We were also unable to find any clinically significant differences in the subjective grading of LWE score (Table 6) or corneal staining area (%) (Figure 3) after 28 days of switching to etMF DD wear in the current study. Descriptive analysis of the mean corneal staining area showed that after approximately 1 month of the test lens being worn on a DD basis there were no overall clinically significant differences in corneal staining area compared with the habitual SiHy lens at baseline (Figure 3, bottom). The same was also true in either subject group (hyperopia/myopia), although the maximum graded mean corneal staining in the hyperopic group on day 28 was 9% less than with the habitual SiHy lenses at the baseline (Figure 3, top).
Previous reports showed a high prevalence of clinical signs such as corneal staining, conjunctival hyperemia, tear film instability and symptoms of dryness, irritation, and reduced comfort and comfortable wearing time with reusable soft lens wear, and that switching to a DD modality may reduce the rate of some of these clinical problems.66,67 This study switched patients from a reusable SiHy lens (with the exception of 3 subjects) into a DD hydrogel lens, thus avoiding potential issues associated with the uptake and release of solution-based preservatives68,69 and subsequent solution-induced corneal staining.70,71 Avoidance of solutions may have contributed to any reductions in staining or hyperemia reported.
Switching to a DD modality may be beneficial to patients who seek convenience, want occasional lens wear or are at risk of developing complications due to non-compliance with regular lens replacement or their care system. In this study, switching from habitual reusable SiHy lens wear to a hydrogel MF DD resulted in minimal corneal physiological impact in either myopes or hyperopes, as measured by clinically insignificant differences in corneal thickness51,61 and limbal and bulbar hyperemia65,72 after 4 weeks of open-eye wear. The minimal impact of the study lenses on corneal physiology is further supported by the presence of clinically insignificant levels of LWE and corneal staining.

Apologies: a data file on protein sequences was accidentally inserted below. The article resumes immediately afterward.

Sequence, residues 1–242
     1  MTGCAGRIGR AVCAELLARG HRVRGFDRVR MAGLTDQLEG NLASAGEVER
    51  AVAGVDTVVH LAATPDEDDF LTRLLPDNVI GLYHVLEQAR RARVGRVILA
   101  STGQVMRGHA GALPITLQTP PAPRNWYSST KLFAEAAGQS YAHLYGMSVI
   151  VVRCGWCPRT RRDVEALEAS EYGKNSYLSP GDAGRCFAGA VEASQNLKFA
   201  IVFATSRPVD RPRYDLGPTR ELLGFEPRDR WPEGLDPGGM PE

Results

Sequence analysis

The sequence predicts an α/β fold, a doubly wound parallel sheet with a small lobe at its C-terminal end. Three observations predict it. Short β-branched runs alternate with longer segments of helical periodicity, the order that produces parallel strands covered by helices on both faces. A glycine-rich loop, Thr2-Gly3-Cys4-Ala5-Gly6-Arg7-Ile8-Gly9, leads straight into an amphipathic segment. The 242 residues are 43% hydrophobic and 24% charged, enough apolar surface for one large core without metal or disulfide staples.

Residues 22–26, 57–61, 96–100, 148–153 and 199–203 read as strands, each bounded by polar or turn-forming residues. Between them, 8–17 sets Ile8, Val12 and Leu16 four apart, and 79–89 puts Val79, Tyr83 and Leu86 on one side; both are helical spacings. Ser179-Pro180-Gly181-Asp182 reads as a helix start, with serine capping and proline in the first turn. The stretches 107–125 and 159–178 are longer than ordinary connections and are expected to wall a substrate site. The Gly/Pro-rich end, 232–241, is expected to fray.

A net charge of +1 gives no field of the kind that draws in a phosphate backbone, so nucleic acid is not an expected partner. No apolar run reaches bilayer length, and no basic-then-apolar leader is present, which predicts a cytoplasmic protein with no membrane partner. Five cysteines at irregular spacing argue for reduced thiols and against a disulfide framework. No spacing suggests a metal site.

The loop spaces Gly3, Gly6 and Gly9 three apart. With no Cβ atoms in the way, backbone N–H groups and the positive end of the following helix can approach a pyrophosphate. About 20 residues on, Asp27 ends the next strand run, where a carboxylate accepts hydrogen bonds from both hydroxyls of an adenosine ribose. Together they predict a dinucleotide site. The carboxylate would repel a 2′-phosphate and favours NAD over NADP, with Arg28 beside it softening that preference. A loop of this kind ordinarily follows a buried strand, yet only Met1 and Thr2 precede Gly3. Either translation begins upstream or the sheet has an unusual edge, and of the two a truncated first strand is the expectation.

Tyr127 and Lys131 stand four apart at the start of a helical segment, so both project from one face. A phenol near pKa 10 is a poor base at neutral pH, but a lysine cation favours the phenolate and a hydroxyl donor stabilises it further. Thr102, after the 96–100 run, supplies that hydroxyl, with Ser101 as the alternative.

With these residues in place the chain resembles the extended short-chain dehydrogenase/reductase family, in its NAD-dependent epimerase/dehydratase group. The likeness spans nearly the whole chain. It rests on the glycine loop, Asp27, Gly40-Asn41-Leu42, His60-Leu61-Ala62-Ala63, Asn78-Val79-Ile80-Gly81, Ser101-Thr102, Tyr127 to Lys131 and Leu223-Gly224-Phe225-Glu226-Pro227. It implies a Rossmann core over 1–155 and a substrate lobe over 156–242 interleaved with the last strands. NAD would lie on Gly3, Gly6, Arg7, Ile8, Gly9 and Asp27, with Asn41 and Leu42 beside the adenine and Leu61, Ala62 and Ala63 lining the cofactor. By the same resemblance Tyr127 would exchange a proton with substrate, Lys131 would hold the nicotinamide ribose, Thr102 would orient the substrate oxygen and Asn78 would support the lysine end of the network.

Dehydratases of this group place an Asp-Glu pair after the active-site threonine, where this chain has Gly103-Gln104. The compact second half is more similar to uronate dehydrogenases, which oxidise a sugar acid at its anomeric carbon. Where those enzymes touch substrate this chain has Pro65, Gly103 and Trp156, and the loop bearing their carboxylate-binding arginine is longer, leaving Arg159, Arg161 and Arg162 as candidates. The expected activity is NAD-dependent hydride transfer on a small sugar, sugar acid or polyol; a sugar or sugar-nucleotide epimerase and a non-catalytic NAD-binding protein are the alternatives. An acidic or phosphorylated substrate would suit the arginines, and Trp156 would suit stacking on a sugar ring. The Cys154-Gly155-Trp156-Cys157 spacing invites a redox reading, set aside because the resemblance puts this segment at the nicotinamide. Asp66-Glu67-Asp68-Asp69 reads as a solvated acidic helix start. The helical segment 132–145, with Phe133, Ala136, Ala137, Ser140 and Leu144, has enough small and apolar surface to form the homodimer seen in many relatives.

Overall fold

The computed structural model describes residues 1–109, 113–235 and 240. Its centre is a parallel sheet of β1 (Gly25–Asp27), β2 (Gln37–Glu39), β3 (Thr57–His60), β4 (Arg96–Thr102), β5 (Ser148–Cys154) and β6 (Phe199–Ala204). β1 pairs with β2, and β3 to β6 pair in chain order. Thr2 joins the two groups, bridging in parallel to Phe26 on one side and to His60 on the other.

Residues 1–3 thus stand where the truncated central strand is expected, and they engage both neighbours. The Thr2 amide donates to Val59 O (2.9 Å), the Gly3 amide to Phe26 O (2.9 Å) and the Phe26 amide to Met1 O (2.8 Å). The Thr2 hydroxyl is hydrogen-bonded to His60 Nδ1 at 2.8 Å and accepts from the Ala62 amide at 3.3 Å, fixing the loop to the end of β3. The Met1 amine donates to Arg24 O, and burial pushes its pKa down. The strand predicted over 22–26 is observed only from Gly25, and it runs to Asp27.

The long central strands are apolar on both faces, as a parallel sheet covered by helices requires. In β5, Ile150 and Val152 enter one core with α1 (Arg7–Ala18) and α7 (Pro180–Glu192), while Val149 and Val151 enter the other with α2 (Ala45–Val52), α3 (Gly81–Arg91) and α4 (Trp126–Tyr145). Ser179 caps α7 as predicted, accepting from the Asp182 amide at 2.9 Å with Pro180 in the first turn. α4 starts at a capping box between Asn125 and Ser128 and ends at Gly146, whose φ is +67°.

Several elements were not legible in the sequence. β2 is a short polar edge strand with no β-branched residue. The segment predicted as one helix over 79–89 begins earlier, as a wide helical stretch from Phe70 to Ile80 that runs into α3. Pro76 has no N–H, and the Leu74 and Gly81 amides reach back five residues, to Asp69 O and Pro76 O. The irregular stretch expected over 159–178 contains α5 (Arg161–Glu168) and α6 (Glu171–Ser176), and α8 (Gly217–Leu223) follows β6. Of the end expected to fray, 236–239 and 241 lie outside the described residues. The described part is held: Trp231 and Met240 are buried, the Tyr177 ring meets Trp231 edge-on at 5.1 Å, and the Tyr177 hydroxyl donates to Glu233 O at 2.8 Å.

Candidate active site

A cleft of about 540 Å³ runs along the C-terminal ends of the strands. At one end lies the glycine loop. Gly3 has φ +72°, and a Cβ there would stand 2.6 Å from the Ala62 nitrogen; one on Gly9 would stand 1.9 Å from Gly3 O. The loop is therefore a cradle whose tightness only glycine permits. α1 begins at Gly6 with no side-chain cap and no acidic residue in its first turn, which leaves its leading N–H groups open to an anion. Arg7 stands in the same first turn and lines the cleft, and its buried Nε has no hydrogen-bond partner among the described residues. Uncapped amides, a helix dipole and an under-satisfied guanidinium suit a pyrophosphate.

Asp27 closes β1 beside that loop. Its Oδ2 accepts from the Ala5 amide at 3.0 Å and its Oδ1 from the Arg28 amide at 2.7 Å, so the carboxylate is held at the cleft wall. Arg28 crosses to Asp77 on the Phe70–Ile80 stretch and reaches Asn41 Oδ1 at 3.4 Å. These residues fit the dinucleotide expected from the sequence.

The purpose of this study was not to advocate switching current SiHy MF wearers to hydrogel MFs of lower oxygen performance. The goal of this study was to understand the potential physiological consequences of refitting a patient who, for any reason, would be more suited to wearing a DD hydrogel MF lens, whether that be due to comfort or visual reasons. This is a realistic clinical possibility, as clinicians fitting MF lenses are aware. Analysis of the objective physiological outcomes in our study showed that switching from a reusable SiHy lens to the DD hydrogel MF lenses did not adversely impact ocular physiology in daily wear, despite their lower oxygen transmissibility, over a 4-week period. In light of the absence of any other reports in the literature on the ocular physiological outcomes of refitting current SiHy wearers with hydrogels, the novel findings may help to make the relevant clinical decisions on available different lens options more informed.